Maryland Dairy Farm Wins Dairying for Tomorrow Award
Misty Meadow Farm is owned by David and Betsy Herbst and their family. Their daughter Jeni and her husband Justin Malott, along with their son Andrew Herbst and his wife Jacklyn, and their daughter Kimberly West, work together on the farm where they milk 150 cows and raise crops on their 800 acres. Jeni and Andrew are working together to form an LLC to take over the farm from their parents. The family also operates Misty Meadow Farm Creamery where they market their own milk, ice cream, eggs and meat. David and Betsy’s grandchildren are the fifth generation on their farm.
The Dairying for Tomorrow award recognizes local dairy farmers who implement on-farm practices that will sustain the dairy industry now and into the future. The awards are given in three categories: animal care, community and consumer outreach, and environmental stewardship. Misty Meadow Farm received the award for its exceptional animal care practices.
Caring for the animals is a team effort at Misty Meadow Farm, and each family member plays an integral role. Jeni oversees animal care, the overall herd health program and milking. Justin and Andrew share the responsibility of feeding and bedding the animals and oversee the crops. Kimberly works at the creamery and occasionally helps with milking.
“We take care of our animals because we love what we do. We feel honored to receive this award, and we’re grateful to be recognized for what we do every day,” Jeni said.
Animal care has always been important at Misty Meadow, but according to Jeni, they began to hone-in on animal care over the past few years. “We pay close attention to what the cows are telling us,” said Jeni. “Several years ago, we sold 10 cows to keep from getting overcrowded. Even though we had fewer cows, we had more milk in the bulk tank. That’s when we realized the cows will let us know when they are comfortable.”
All animals at Misty Meadow receive top-notch care from birth. “We want to give our calves the best possible start in life,” Jeni said. Newborn calves are placed in an incubator after birth, then have their navels dipped, are given a First Defense pill and one gallon of colostrum. All colostrum is tested to ensure its quality and colostrum replacer is given to calves who need it. Calves are raised in individual pens in a greenhouse and are given fresh bedding every day.
Once calves are weaned, they are moved to group housing and heifers nine months of age and older are housed in bedded back barns with access to pasture. Heifer barns are bedded twice a week to ensure the animals stay clean and dry.
Jeni has implemented a progressive calf care protocol for dehorning, teat removal and tagging that was developed in consultation with the herd veterinarian. At two weeks of age, calves are disbudded using paste, ear tagged and if needed, have extra teats removed. During these procedures, calves are given a sedative and analgesic to reduce stress on the calf. Afterwards, calves are given the pain reliver Meloxicam during their next feeding.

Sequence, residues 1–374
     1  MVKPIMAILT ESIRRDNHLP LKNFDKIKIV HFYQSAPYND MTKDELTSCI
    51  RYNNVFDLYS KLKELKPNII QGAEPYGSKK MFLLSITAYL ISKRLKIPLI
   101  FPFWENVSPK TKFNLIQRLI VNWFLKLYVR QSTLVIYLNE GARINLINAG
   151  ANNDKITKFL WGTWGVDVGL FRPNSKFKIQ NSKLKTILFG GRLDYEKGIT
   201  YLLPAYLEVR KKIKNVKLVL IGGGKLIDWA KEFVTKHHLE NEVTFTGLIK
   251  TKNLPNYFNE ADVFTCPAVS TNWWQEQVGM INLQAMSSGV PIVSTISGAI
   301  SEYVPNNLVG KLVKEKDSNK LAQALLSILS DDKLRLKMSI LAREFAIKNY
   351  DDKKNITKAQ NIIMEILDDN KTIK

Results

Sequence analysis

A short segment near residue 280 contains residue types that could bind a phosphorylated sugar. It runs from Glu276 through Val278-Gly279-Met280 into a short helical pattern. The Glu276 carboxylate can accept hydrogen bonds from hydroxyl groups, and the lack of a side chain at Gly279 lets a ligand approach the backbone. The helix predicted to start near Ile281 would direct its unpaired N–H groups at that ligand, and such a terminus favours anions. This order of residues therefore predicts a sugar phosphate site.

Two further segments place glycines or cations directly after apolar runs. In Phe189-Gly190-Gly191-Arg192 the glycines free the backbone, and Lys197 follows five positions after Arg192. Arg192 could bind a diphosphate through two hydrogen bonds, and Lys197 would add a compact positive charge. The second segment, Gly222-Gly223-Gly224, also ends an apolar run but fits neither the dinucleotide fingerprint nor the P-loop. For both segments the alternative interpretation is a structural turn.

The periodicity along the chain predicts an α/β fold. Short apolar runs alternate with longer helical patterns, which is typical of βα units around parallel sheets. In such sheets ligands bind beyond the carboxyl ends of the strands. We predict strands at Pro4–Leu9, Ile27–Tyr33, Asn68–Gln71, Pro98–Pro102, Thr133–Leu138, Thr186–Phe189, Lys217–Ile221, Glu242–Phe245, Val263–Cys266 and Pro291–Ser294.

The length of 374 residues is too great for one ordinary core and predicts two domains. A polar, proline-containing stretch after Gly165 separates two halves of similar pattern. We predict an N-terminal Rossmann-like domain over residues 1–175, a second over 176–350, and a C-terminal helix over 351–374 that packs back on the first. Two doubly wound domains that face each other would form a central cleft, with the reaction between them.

Milk cows are housed in a freestall barn and stalls are regularly groomed and bedded to keep the animals clean. Rubber mats are in place along the feedbunks to provide added cushion to the cows when they eat. When hoof trimming, lidocaine is used on cows with any hoof problem for pain management.
With animal care at the forefront of dairy customers and consumers, Misty Meadow works closely with their herd veterinarian to monitor the herd health and maintain a valid Veterinary Client Patient Relationship, a requirement as part of the Farmers Assuring Responsible Management (FARM)Animal Care Program. Misty Meadow also has written standard operating producers for their milking, calf care and other animal-care related protocols.
Misty Meadow Farm and the Creamery often gives tours to school groups and community organizations. By demonstrating a positive dairy image and optimal animal care, the family has gained the trust and confidence in their community. According to Jeni, “We want our farm to be FARM ready every day.”
“We always look at ways to improve and to do what is best for our animals to ensure our farm’s longevity in the dairy industry,” Jeni said.
“We are most thankful that we are able to raise our children on the farm,” Jeni said. “We enjoy working outside and working with our children and teaching them how to care for another life. There’s nothing more rewarding than that.” she added.
Congratulations to Misty Meadow for being named a Dairying for Tomorrow award winner!
Visit "Our Farmers" page to learn more about Misty Meadow Farm.
The Herbst and Malott family accepted their Dairying for Tomorrow Award at the Maryland State Fair flanked by supporters from the American Dairy Association North East and Maryland & Virginia Milk Producers Cooperative. (L-R) Sherry Patterson (ADA North East Board Member), Justin and Jeni Malott and daughters Ella, Vivian, Jillian, and Addison (not pictured), David and Betsy Herbst, Daniela Roland (Maryland & Virginia Milk Producers Cooperative).